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Convicted killer has strange ties to three unsolved murders

By Shane Hoover • Apr 3, 2017 at 12:00 PM

Easter Sunday, 1991. It was nearing 10 p.m. when Stark County Sheriff's deputies and Plain Township medics got to the apartment complex at Fulton Drive and Wertz Avenue NW.

Patricia Murphy, the 51-year-old woman living in Apt. 4, had been strangled. No one had seen her for almost four days before her body was found.

Capt. James Shannon, the sheriff's chief investigator, drove to the scene a few blocks from his home, parked and walked to the buff-colored brick house where Murphy had lived.

"Who called?" Shannon asked.

"I called," said a man leaning against a vehicle. Shannon recognized the bearded, scruffy face of Kenneth A. Roth.

It was the second time in six years Shannon had crossed paths with Roth during a murder investigation. It wouldn't be the last.

"What are you doing here?" Shannon asked.

Person of interest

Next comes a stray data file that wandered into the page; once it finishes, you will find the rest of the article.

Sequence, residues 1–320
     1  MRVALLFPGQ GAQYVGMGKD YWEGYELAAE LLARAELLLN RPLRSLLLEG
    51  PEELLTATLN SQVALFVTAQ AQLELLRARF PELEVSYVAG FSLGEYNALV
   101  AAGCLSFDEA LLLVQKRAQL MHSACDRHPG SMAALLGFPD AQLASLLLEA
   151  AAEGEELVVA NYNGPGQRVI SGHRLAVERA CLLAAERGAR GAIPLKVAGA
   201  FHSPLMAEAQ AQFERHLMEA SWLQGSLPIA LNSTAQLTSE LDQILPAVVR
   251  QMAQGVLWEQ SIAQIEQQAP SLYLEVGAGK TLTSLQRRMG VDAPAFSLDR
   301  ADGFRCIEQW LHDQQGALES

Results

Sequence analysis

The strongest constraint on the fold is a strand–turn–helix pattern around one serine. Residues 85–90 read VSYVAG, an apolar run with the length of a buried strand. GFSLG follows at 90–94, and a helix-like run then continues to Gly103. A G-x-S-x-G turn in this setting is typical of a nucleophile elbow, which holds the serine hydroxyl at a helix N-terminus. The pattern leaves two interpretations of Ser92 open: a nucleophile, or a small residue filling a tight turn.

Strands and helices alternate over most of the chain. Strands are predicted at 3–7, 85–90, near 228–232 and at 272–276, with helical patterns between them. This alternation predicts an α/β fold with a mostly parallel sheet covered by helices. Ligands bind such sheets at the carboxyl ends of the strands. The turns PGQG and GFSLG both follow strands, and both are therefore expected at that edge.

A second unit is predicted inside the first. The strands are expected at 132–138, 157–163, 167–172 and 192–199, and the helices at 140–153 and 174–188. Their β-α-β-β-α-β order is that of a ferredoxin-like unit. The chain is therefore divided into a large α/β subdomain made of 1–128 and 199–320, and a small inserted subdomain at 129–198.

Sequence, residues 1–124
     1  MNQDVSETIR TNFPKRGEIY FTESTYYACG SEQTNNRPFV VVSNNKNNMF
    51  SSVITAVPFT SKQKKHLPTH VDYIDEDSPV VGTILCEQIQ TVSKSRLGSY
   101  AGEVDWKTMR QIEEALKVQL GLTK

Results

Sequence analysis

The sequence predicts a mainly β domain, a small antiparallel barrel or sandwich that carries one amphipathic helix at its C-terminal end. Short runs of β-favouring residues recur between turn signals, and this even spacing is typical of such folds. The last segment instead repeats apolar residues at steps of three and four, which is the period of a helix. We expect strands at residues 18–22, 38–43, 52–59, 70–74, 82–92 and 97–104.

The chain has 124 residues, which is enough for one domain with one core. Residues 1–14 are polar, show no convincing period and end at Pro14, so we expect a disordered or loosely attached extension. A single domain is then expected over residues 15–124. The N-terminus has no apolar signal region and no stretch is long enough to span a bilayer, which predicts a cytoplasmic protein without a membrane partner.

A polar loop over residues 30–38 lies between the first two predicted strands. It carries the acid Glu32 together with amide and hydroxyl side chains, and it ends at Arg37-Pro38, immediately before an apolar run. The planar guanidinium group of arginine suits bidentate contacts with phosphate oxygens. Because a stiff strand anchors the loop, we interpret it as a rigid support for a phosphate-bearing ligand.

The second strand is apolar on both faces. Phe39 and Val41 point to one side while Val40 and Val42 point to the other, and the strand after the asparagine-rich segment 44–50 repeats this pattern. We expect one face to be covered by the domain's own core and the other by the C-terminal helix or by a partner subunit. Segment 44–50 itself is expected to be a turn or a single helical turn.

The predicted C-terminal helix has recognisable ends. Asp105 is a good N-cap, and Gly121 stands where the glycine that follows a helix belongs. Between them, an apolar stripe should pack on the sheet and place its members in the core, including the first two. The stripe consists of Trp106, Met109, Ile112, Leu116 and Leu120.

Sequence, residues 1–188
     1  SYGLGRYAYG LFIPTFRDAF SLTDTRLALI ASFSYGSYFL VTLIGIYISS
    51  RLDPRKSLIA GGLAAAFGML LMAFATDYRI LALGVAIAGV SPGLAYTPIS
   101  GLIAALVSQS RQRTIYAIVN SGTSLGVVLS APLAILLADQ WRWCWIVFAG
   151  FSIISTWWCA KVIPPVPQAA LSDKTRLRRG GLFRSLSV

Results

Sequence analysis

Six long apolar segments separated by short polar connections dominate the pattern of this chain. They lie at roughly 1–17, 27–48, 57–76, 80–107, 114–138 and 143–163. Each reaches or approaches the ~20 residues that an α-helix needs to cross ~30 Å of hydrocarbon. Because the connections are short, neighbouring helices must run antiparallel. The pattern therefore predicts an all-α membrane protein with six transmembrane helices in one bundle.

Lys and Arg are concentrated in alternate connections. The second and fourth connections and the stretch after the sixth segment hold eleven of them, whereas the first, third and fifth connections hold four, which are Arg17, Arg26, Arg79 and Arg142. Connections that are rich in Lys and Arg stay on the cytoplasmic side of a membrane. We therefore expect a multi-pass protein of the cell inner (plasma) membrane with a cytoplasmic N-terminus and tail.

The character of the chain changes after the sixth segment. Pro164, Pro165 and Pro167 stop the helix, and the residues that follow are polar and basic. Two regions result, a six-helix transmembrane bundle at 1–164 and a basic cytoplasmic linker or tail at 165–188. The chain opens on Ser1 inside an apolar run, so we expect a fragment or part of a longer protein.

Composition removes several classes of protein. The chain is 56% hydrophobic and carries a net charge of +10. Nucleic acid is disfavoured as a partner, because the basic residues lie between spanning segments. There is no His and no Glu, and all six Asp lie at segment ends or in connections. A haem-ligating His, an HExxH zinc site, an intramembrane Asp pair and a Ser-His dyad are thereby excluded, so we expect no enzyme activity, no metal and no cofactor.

Roth is 26 years and 60 miles removed from that late-night murder scene. He's an inmate at Lorain Correctional Institution, a first stop for men entering Ohio's prison system. Roth is serving a life sentence with no chance of parole. A Stark County jury convicted him Feb. 10 for the 2009 aggravated murder of Linda Van Voorhis Smith of Osnaburg Township.

"He's a killer," said Shannon, who is now retired. "Only he knows how many."

Shannon and the Sheriff's Office never caught Murphy's killer, nor did they solve the murders of Kay Gulosh and Julia Harbourt, two other cases in which investigators questioned Roth.

The three women were killed in their homes from 1985 to 1993. Gulosh was strangled and stabbed. Murphy was strangled, gagged and hit on the head. Harbourt was shot in the head.

Roth, 67, formerly of Osnaburg Township, remains a "person of interest" in each case.

Witnesses spotted a car Roth used at Gulosh's home the day she died. Roth was Murphy's maintenance man and possibly a former boyfriend. He installed the security alarm in Harbourt's home.

"There's a lot of circumstantial things that would make a reasonable person think," Sheriff George T. Maier said.

Investigators questioned Roth about the murders when they occurred but never had enough evidence to file charges. The cases went cold for years.

Then Smith, a 61-year-old Aultman Hospital nurse, was killed in 2009. Roth was her handyman.

December 2009

Sheriff's deputies found Smith dead in her home on Orchard View Drive SE on Dec. 11, 2009, after her family told authorities they couldn't reach her.